Today is a historic day in a few ways. My son turns 29 today. You know what that means? IAMTHEPARENTOFA29YEAROLD!!!!!! And I want to know where the time went.
The other young cone (if you've seen Coneheads, you'll get the reference...) is getting married next month. What the actual.....?
Gordon Downie passed away last night. Maybe you have to be Canadian to get the meaning of that, but we called them "the 'Hip" and they were icons. While not entirely unexpected, it still comes as a shock when something like this happens.
I have been working on some presents as is usual for this time of year. The guys are getting socks and hats, and I've got my sister's yearly yule hat done. I'm not really getting much done, at least, not as much as I want to, but c'est la vie.
I've been knitting for roughly 30 years- give or take. My across the street neighbour taught me, and she's a fine teacher, because she succeeded where many failed. Rather, I failed. But I needed something to do while the baby was sleeping, other than laundry, and it was a blessing on so many levels. It's given me joy, frustration and many hours of creativity. It's brought many friends into my life, both online and for reals.
So, what advice would I give to a new knitter? Or someone who wants to learn everything in 5 minutes? First, it's a hobby (more of a lifestyle to most of us) that you never master, in terms of knowing everything.
1. First, while knitting can be inexpensive, in general terms, it's not. Even budget-friendly yarn, when you need enough for an adult garment, is going to run you a few sheckels, and yes, you can buy one at Old Navy cheaper.
2. Which brings me to this: if you feel this is something that you love, and want to keep doing, invest in the best tools and yarn that you can afford. That doesn't necessarily mean the most expensive either. You will quickly learn what suits you, and what you're not so happy with. Also, different yarns require different needles. If you go for the cheapies, you will get what you pay for. Trust me.
3. Learn how to read a pattern. I don't always recommend that you study the entire thing, because alot of it won't make sense until you're actually at that stage of the game. But patterns are usually a shorthand- and you'll see the same abbreviations over and over, so it's not scary. Unless the "designer" makes up his/her own, and that's, well, pretentious.
4. Know how to identify a K (knit) stitch, and a P (Purl) stitch. Familiarize yourself.
5. For the love of all that is holy- if you disregard everything here, learn how to use Double Pointed needles and how to read a chart!!!! Knitting fads come and go, but when you want to finish off a hat, or knit some glove fingers, you'll be grateful you know how. I know that magic-loop is a thing, and I can see it's benefits, and I have nothing against fans of the technique, but there will come a time when the rubber hits the road, and those dpn's are vital.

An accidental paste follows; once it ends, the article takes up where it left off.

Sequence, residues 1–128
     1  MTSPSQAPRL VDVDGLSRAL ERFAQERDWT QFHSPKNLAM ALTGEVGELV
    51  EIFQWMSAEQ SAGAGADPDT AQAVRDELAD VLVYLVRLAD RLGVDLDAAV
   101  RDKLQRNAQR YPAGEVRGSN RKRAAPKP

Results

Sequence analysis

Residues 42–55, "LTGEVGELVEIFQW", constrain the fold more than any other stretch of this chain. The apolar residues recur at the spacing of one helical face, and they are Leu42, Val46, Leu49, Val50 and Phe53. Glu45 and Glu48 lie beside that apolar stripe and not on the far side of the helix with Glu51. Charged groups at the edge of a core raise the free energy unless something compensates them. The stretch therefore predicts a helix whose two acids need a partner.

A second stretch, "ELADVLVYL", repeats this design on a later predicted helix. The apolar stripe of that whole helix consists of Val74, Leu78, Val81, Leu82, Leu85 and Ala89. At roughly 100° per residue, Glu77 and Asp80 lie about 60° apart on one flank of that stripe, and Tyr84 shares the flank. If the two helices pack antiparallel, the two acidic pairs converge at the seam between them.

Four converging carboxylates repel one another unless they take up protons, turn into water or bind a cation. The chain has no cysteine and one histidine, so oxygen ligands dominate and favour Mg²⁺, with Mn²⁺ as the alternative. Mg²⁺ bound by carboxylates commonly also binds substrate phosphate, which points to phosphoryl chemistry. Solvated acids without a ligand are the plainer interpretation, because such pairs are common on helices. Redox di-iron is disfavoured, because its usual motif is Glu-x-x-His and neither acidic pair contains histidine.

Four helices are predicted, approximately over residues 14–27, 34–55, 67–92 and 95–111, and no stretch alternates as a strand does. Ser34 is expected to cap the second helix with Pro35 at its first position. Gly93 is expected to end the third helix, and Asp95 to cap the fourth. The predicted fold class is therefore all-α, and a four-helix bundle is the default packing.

As for anyone who says "I don't knit from charts..." all I can say is that more and more patterns are charted, as it's easier from the standpoint of the writer, especially lace. It's also easier to see where you are with a chart, in colorwork and cabling, so don't dismiss it. You'll be essentially cutting yourself off from roughly half the patterns on Ravelry.
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7. I bet it was recommended that you make a scarf. You'll soon be bored with that. Your next project should be something that incorporates increases and decreases, perhaps a buttonhole. You can next start with a raglan sweater, top-down if you want, and if that intimidates you, how about a child's sweater. People are always multiplying, and it will come in handy for the next kid that comes along.
8. Come to terms with gauge. You have to make a gauge swatch. Yes, you do. Your knitting is unique from everyone else's and you may be one of those lucky ones who can achieve the gauge in a pattern, but chances are you are looser or tighter. If you want this thing to fit or come out the recommended size, you are strongly advised to take the time.
9. And yes, the only real way to correct an error, is to rip back. And that may mean the whole sleeve, or back of a sweater, but I never mind, because it's teaching me something. Admittedly, I rip back alot less than I used to, but it happens. It can be soul destroying, but think of it as experience.
10. Collect books. I love anything by Elizabeth Zimmermann. Even better are the videos. But start with "Knitting Without Tears"- highly readable, and very reassuring to the unsure.
11.Things like cabling and socks are suprisingly easier than you think. You'll impress the handknit socks off yourself. Treat yourself to some self striping yarn and watch the magic happen.
12. This brings me to the inevitable "oh, you made that? Could you knit me one?" Never mind that you have spent alot of time on that item, and are eager to show it off. The muggles have no idea what goes into your creations. And nothing takes the fun out of something more than knitting to order. If you finish something and feel you want to gift it to a worthy person, then great. But my advice is don't do it. Next thing you know you'll be knitting for a family of Yeti's, and resenting every stitch.
Clearly, I have much to say on this subject, so I'll continue next time.